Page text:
Integration Tests operate on smaller parts of the system than End-to-End Tests, thus running faster. They also test larger parts than unit tests, thus running slower than unit tests.
Because they are “smaller” than End-to-End Tests, they can be useful in tracking down bugs because they encompass a smaller part of the system. However, because they are “bigger” than a Unit Test, they do not allow for the fine grained design feedback that you get with unit tests.
As you’ve learned above, tests can be written at different levels of the system. At each level, there is a balance between speed of execution, the cost to maintain the test, and the confidence it brings to the correctness of the system.
End-to-End Tests: Fewest and most expensive. End-to-End Tests are slower to run because they use simulated user interactions. They can also be fragile and susceptible to false-negatives because they rely on the quality and accuracy of user-simulation tools, such as web browser interaction tools, and other difficult to control factors, such as network latency.
In addition, changes to the user interface might require significant End-to-End Test rewrites even when the underlying functionality has not changed. These, and other related factors make End-to-End Tests “expensive” to maintain. You want to minimize the number of these to keep the test suite running quickly and minimize maintenance headaches while still covering the key flows of the system, either from a user interface or an API endpoint.
Unit Tests: Highest number and least expensive. You want the most Unit Tests in your test suite because they are the key way to design highly cohesive, loosely coupled software. Because you have kept them running quickly, the number of tests should not adversely affect the running time of the test suite. Also, the isolated nature of unit tests means changes in one area of the system do not require changes to other areas, making maintenance of Unit Tests minimal.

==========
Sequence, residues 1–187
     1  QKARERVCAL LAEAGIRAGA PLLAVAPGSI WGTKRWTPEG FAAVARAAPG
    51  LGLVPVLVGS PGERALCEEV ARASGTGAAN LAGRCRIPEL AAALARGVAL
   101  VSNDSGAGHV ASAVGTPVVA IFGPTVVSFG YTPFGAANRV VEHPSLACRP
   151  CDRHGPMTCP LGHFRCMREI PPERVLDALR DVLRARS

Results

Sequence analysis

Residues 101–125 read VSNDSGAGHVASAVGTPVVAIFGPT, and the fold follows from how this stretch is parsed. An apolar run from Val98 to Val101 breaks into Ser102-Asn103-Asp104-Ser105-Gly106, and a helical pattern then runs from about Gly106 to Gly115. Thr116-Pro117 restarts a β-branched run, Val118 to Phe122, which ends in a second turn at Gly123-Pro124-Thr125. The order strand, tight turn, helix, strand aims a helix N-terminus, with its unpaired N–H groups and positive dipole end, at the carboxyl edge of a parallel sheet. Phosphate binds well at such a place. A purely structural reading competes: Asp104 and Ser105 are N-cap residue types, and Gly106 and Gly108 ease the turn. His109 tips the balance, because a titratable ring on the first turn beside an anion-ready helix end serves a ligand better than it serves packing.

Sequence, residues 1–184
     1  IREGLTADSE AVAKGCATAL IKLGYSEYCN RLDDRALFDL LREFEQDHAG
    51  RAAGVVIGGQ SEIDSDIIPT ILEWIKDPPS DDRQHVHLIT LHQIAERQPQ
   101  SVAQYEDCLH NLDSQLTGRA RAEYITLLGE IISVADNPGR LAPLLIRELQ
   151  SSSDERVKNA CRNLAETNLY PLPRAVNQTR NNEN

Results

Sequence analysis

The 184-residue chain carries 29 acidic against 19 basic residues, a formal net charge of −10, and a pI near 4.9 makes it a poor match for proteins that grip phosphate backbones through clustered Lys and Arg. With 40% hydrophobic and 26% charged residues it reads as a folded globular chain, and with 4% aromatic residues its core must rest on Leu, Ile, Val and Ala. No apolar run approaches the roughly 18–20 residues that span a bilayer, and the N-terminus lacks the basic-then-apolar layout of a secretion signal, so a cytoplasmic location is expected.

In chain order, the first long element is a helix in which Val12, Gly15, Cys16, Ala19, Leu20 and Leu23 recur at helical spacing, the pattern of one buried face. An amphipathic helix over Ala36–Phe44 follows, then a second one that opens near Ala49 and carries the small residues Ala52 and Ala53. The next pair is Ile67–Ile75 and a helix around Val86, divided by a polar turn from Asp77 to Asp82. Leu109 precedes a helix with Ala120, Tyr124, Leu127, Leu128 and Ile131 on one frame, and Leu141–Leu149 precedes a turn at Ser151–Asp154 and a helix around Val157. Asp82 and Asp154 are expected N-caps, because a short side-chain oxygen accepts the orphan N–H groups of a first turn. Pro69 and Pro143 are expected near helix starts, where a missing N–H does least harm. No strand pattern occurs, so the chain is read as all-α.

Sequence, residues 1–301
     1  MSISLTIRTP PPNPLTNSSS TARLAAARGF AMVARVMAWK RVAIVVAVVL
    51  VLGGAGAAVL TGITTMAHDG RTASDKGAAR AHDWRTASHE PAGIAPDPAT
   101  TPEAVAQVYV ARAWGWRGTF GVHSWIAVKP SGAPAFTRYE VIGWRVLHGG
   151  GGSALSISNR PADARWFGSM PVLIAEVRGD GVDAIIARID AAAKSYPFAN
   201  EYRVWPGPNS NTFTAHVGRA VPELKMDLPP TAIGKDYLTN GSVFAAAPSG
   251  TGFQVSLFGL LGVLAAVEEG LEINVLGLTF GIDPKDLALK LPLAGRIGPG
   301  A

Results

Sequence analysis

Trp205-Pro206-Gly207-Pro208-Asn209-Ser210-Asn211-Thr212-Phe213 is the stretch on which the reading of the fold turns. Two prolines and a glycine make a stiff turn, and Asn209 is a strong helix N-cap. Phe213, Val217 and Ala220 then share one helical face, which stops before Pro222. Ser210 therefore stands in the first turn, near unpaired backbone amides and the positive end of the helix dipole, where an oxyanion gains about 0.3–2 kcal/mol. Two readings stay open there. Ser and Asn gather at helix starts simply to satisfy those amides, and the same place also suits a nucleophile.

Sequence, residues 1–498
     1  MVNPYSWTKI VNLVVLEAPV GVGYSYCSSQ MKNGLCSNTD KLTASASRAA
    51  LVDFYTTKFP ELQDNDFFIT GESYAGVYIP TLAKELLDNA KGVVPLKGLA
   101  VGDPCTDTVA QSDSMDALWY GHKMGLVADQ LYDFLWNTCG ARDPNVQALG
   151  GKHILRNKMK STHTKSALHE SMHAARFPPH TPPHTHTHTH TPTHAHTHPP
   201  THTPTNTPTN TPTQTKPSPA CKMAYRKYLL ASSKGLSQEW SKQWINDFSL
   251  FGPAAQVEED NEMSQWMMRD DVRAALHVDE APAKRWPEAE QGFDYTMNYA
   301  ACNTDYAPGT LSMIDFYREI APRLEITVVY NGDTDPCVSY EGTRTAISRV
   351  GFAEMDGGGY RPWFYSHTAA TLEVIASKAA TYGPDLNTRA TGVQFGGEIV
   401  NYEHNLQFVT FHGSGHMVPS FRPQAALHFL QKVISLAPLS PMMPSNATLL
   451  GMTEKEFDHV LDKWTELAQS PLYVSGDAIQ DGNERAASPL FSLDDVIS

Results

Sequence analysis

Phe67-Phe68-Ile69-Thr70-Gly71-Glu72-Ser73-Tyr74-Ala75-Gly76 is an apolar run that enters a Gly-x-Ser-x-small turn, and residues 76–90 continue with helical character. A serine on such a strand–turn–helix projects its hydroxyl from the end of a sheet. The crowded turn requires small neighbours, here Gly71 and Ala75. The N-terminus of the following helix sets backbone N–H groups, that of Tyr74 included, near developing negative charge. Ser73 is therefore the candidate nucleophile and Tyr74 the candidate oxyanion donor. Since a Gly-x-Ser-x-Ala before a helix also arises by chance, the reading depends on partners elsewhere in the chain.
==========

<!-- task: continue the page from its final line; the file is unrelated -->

Integration Tests: somewhere in the middle. You want more Integration Tests than End-to-End Tests because they balance speed of execution and test maintenance with coverage of the system. However, too many Integration Tests can quickly slow down a test suite and make the feedback from the Unit Tests decrease in value.
A slow test suite is a signal that your testing pyramid might be “upside down” and you should focus more on Unit Tests to drive the design, and ensure the correctness of your software.
TDD gives teams the confidence to refactor application code to keep it clean so that they can go fast forever.
This diagram shows how a team just starting out can add functionality very quickly because they do not have a lot of code to work with. Unfortunately as time goes on and the codebase grows, the team can’t add functionality as quickly because the codebase starts to “resist” the addition of new functionality. This happens because the team has sacrificed long-term sustainability for short-term development speed. Eventually the rate of addition slows to a crawl.
Even small changes become increasingly complex due to highly coupled modules. Why?
In the second diagram, the codebase does not resist the addition of functionality as time goes on. Instead, it gets to a steady state of change velocity regardless of the length of time since the start of the project.
Changes are less complex, thanks in part to TDD helping enforce highly cohesive yet loosely coupled modules. Why?
There is a cost to these benefits. The initial sprint of functionality does not go as fast as forgoing TDD. This cost is the investment in writing tests before production code and only writing enough production code to make the test pass before writing another test. These tests serve as the guardrails that give the team the confidence to continually refactor their code to keep it clean.